Guide to buying a caravan

Caroline Cassidy

Caravans are a popular holiday choice with us Brits, especially now finances are tight. There are many advantages to taking your holiday this way, once the initial purchase has been made. Your trip should be relatively inexpensive and a caravan will give you the freedom to roam around a wide range of beautiful spots. So, if you want the freedom of a caravan holiday what do you need to know about buying a caravan?

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Your decision on which caravan to buy may be dictated by your budget. Second-hand caravans can be a low cost option for first time caravan buyers. For some, used caravans also offer a more simple, back to basics, style of caravanning. Newer models tend to weigh more and come with interiors that include conveniences like built-in microwaves and spaces for televisions.

Buying a second-hand caravan has its drawbacks. It is your responsibility to ensure the caravan is sound and fit for purpose. It's a good idea to get someone to come with you when buying a second hand caravan, preferably with some experience, to give the caravan a thorough inspection. Is the price too low? How does it compare to similar vans on the market? Make sure the owner has a good level of knowledge about the caravan he is selling.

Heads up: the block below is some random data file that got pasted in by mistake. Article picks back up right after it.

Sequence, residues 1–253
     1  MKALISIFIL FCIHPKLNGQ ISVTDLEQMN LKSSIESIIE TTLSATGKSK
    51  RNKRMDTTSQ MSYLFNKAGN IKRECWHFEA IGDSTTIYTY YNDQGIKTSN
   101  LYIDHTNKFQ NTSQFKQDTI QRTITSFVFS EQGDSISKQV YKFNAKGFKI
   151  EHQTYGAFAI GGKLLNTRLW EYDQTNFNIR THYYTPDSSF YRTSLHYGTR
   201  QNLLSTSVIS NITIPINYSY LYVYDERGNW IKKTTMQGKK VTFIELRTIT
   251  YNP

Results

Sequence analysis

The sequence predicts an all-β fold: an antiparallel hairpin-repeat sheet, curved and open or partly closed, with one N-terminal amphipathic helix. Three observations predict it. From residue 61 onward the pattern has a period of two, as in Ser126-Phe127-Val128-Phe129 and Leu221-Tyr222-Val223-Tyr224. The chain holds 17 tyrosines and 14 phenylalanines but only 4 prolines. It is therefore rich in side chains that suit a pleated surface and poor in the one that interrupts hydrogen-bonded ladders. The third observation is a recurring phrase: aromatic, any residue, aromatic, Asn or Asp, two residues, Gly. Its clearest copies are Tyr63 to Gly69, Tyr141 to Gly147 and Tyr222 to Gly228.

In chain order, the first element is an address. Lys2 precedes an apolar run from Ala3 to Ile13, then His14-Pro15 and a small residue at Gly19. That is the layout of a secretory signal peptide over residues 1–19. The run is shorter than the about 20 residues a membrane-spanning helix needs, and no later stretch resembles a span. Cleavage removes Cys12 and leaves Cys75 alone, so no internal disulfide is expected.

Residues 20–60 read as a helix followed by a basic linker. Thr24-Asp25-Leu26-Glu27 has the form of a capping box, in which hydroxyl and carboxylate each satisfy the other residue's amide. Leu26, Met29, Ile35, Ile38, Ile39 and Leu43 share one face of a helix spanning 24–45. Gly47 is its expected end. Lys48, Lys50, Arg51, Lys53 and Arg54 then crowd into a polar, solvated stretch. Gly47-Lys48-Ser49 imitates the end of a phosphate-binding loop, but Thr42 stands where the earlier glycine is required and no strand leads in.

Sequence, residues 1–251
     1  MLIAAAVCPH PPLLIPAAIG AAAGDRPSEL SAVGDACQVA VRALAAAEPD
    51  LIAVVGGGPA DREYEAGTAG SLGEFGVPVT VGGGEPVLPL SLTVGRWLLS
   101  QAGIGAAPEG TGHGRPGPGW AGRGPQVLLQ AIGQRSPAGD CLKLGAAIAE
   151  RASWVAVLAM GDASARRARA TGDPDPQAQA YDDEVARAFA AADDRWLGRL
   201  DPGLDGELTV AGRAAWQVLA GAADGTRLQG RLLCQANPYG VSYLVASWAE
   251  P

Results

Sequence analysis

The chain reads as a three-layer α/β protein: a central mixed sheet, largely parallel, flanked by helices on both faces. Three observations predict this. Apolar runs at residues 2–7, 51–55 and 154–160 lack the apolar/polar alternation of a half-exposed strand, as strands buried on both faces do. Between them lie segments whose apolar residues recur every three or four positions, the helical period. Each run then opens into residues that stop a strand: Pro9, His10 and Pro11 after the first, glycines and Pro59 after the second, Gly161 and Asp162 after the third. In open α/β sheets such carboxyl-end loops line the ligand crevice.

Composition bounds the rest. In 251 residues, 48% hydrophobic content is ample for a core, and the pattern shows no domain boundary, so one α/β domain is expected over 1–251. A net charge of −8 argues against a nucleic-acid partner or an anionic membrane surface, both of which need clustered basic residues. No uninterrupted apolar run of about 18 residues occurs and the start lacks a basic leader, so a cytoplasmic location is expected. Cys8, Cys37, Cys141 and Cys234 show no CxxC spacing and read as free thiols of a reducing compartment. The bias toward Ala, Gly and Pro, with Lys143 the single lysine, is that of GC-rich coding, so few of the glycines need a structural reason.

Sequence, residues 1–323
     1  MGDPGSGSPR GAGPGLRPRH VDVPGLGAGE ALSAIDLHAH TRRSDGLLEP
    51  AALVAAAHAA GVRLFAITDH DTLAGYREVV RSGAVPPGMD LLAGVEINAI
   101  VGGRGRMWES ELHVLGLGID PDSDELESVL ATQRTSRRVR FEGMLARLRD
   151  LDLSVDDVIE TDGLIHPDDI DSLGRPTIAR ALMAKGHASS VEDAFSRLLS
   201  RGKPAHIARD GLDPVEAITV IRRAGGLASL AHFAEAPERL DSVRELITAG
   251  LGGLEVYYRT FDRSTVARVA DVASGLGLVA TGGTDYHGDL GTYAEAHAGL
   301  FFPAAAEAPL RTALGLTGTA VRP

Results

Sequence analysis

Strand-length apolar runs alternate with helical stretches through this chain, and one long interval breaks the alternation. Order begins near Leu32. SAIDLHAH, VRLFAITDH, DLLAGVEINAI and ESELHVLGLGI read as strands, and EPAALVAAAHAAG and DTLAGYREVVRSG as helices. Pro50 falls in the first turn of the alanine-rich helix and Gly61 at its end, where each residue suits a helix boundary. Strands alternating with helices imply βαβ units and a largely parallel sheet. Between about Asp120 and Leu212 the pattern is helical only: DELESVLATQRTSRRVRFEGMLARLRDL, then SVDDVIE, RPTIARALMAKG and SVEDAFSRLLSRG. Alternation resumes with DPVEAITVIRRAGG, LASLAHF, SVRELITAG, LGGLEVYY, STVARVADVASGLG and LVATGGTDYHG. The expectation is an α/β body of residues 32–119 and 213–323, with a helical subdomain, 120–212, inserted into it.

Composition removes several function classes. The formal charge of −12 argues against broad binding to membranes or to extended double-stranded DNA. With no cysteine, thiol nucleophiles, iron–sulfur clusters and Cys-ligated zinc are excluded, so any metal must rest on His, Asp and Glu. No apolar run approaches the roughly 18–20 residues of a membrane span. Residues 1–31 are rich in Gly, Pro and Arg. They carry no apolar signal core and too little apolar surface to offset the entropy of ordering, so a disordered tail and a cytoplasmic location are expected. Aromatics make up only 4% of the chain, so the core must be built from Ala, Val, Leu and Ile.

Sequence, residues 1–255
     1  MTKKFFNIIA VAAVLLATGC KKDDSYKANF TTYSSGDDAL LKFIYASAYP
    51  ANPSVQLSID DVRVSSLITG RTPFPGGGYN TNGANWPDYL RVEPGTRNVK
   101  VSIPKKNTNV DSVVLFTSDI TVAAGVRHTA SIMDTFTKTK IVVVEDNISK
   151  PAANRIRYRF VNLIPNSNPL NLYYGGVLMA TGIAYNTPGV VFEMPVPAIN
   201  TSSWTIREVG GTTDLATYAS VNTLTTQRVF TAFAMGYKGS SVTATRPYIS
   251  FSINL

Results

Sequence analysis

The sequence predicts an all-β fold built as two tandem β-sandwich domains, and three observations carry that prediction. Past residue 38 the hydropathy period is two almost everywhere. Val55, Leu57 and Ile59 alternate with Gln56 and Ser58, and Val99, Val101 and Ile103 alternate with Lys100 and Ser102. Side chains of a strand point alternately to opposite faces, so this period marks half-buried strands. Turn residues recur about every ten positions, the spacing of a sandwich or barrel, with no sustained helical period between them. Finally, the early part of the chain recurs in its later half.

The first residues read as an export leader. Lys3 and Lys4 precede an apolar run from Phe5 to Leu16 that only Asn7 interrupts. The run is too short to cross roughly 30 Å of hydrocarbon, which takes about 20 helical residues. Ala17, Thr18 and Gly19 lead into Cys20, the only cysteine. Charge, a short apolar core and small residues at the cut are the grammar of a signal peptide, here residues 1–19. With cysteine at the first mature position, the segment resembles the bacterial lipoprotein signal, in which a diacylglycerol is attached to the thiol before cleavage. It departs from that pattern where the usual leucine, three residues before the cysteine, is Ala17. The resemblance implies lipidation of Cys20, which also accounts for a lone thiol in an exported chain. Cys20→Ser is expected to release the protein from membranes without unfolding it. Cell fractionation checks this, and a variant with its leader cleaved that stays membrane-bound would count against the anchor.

Buying privately means that you won't have legal protection if the caravan has faults. It's up to you to pose the right questions before making a commitment.

If you are going through a dealer make sure they are reputable. Do they offer a warranty? Never buy without seeing and inspecting the van first. Check for dampness and poor seals.

A caravan doesn't have a legal registration document with details of the keeper. You don't even have to register your caravan, so check the person selling does actually own it. You should also try to make sure there is no outstanding finance connected to the van.

It is worth enquiring whether the van has been involved in any accidents. Most repairs will be guaranteed for 12 months so check the date of the repair before handing over your cash.

If everything appears to be fine and you have agreed a price you will be expected to make payment with a bankers draft or cash. Once payment is made you should draw up a buyer's contract that each party can sign and keep a copy of. This will act as your purchase receipt.

Safety should be a priority when selecting your caravan. A six-berth caravan is all well and good but if the towing car can't pull the weight then you're wasting your time. Check the tow weight of the car that will be towing the caravan.

How and where will you store your caravan? There are local council regulations to consider before deciding to store your caravan at home. Caravan storage sites are an option. The Caravan Storage Site Owners' Assocation, (CaSSOA) provides advice on storage as well as approved storage sites.